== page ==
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MOSS v. SMITH

July 13, 1992

DAOUD MOSS, by his grandmother and next friend, JALIL MUTAKABBIR, and JALIL MUTAKABBIR, Plaintiffs,
v.
FRANKLIN L. SMITH, SUPERINTENDENT OF THE DISTRICT OF COLUMBIA PUBLIC SCHOOLS, and THE DISTRICT OF COLUMBIA, Defendants.



The opinion of the court was delivered by: STANLEY S. HARRIS

 Before the Court is plaintiffs' motion for a temporary restraining order (TRO). Upon consideration of the motion, and the oral arguments presented to the Court on July 10, 1992, in support thereof and in opposition thereto, the Court sua sponte dismisses the case for lack of subject matter jurisdiction.

 Facts

 Plaintiff Jalil Mutakabbir brings this action on behalf of her grandson, Daoud Moss, against Franklin Smith in his capacity as Superintendent of the District of Columbia Public Schools (DCPS) and the District of Columbia (D.C.). Plaintiff Moss is an eleven year-old "Seriously Emotionally Disturbed and Learning Disabled" student. For the 1991-92 school year Moss was enrolled at the School for Contemporary Education (SCE), where he was funded by the DCPS pursuant to the Individuals with Disabilities Education Act (IDEA). See 20 U.S.C. § 1400 et seq.. Currently, SCE has a contract dispute with the DCPS over the amount of funds the DCPS owes SCE for Moss and the other DCPS students who attended SCE during the 1991-92 school year. Consequently, SCE has notified the DCPS that, absent assurances from the DCPS that a certain sum will be paid to SCE for the 1992-93 school year, SCE will not reserve spaces for the DCPS students. Plaintiffs, believing SCE to be the only appropriate placement for Moss and fearing the loss of his space at the school, filed this action. Plaintiffs seek a TRO "requiring DCPS to issue a written letter of agreement to SCE regarding the SCE 1992-93 rates for tuition and related services in the amount of $ 28,696.00 at [SCE] for Daoud Moss for the 1992-93 school year forthwith." Complaint, at 9.

 Discussion

 The Statutory Framework

 The IDEA requires in part that D.C. provide a "free appropriate public education" to all children with disabilities. 20 U.S.C § 1412. In addition, the IDEA "establishes an elaborate procedural mechanism to protect the rights of handicapped children." Smith v. Robinson, 468 U.S. 992, 104 S. Ct. 3457, 3467-68, 82 L. Ed. 2d 746 (1984). These procedures are set forth at 20 U.S.C. § 1415(b). Section 1415(b) provides in part that parents or guardians must be provided "an opportunity to present complaints with respect to any matter relating to the identification, evaluation, or educational placement of the child, or the provision of a free appropriate public education to such child." 20 U.S.C. § 1415(b)(1)(E). *fn1" When a guardian makes a complaint, she is entitled to a due process hearing before either the state or local educational agency. See id. § 1415(b)(2). If the hearing is held before the local educational agency, she is entitled to appeal the decision to the state educational agency. See id. § 1415(c). At these hearings, the guardian may be accompanied by both counsel and experts, present evidence and cross-examine witnesses, as well as obtain a record of the hearing and written findings and decisions of the hearing officer. If aggrieved by the findings and decision of the hearing officer, the guardian may file suit in federal court pursuant to 20 U.S.C. § 1415(e)(2). See id. § 1415(e)(2).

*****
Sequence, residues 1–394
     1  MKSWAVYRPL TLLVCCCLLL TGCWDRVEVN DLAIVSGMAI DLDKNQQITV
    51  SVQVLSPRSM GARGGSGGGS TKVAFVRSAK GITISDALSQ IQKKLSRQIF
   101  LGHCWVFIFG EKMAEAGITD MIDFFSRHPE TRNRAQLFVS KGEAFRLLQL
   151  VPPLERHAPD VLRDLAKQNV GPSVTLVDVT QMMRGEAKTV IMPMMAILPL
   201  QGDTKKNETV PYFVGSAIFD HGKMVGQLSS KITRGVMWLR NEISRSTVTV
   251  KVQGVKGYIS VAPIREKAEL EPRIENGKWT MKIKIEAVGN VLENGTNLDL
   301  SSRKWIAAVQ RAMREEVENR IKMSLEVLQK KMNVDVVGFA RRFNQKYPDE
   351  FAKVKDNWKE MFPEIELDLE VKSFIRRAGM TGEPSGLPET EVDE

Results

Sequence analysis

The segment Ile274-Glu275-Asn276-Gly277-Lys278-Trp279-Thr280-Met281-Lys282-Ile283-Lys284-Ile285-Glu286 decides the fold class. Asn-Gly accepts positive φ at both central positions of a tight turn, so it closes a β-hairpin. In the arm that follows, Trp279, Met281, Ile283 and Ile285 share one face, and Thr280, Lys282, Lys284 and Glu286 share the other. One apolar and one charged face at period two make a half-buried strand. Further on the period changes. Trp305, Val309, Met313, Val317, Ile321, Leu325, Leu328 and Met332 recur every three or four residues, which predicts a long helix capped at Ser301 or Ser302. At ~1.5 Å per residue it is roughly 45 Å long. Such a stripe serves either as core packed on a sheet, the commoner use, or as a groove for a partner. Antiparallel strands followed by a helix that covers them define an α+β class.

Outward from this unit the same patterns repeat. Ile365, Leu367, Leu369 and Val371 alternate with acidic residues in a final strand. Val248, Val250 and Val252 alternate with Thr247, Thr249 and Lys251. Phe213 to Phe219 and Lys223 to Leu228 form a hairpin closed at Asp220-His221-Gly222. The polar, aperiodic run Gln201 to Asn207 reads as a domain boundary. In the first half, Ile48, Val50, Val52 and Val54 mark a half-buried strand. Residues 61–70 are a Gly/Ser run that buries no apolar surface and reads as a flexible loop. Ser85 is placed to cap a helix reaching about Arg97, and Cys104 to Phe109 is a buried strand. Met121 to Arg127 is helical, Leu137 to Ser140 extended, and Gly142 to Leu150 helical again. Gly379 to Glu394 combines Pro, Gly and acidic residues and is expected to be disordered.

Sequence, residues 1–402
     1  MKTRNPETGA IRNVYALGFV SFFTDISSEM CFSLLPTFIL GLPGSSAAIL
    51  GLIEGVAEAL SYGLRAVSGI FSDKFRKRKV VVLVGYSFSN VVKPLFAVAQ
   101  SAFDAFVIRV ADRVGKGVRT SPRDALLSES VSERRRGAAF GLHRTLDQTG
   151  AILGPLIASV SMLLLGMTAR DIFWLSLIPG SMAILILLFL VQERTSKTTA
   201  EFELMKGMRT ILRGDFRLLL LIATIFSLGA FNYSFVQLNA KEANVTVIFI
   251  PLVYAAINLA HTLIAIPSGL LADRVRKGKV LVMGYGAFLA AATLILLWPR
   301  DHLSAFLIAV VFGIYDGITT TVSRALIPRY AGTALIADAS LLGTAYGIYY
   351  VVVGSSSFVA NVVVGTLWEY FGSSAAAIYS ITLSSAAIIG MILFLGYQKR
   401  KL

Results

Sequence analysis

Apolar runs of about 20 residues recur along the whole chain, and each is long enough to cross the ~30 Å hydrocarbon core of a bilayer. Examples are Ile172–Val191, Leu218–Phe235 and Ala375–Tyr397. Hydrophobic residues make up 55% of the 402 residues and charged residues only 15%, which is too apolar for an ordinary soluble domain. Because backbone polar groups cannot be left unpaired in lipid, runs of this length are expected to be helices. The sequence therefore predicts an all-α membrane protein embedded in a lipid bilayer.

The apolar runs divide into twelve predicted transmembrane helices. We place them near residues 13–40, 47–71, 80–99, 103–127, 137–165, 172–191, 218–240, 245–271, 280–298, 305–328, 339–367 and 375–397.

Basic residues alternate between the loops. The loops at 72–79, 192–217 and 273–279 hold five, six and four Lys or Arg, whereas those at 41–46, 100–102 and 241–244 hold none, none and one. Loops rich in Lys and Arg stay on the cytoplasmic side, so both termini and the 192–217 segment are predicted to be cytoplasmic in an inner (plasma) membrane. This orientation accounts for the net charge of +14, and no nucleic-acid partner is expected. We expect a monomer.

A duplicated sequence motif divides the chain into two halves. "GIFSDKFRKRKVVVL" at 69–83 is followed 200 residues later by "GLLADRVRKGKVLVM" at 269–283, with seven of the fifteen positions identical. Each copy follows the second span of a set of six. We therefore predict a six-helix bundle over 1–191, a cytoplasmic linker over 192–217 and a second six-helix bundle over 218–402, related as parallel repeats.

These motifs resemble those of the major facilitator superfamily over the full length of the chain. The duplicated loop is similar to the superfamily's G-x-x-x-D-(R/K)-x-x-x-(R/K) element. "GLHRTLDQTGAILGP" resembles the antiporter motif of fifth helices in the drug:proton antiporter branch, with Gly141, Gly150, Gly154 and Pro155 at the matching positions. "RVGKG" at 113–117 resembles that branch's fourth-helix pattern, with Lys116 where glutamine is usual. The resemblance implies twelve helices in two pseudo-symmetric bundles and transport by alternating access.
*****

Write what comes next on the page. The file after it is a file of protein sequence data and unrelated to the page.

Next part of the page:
Subject Matter Jurisdiction

 Exhaustion

 Plaintiffs base federal jurisdiction of this action on § 1415(e)(2). This section provides in part that:

 any party aggrieved by the findings and decision made under subsection (b) of this section who does not have the right to an appeal under subsection (c) of this section, and any party aggrieved by the findings and decision under subsection (c) of this section, shall have the right to bring a civil action with respect to the complaint presented pursuant to this section . . . in a district court of the United States without regard to the amount in controversy.

 Id. § 1415(e)(2).

 This language makes it clear that Congress intended plaintiffs to exhaust the administrative remedies under the IDEA before bringing suit in federal court. See Smith v. Robinson, 104 S. Ct. at 3468 (noting that allowing an equal protection claim without requiring exhaustion under the predecessor statute to the IDEA "not only would . . . render superfluous most of the detailed procedural protections outlined in the statute, but, more important, it would also run counter to Congress' view than the needs of handicapped children are best accommodated by having the parents and the local education agency work together to formulate an individualized plan for each handicapped child's education"). Here, plaintiffs have not exhausted the administrative process: they have made no complaint to the DCPS nor have they' requested a due process hearing. *fn2"

 Therefore, plaintiffs may bring this suit only upon a showing that exhaustion of the administrative remedies would be futile or inadequate. Cox v. Jenkins, 278 App. D.C. 312, 878 F.2d 414, 418-19 (D.C. Cir. 1989) (citing Honig v. Doe, 484 U.S. 305, 108 S. Ct. 592, 606, 98 L. Ed. 2d 686 (1988)). Plaintiffs have failed to make such a showing. Plaintiffs contend that "without the TRO, [Moss] will in all likelihood be denied a free appropriate education during the 1992-93 school year." Plaintiffs' Memorandum, at 1. Plaintiffs' statement is based on the assumption that the "DCPS has no placement for him within the public schools." Id. However, at oral argument, defendants informed the Court that the DCPS has a place for Moss at the Rose School for the 1992-93 ...


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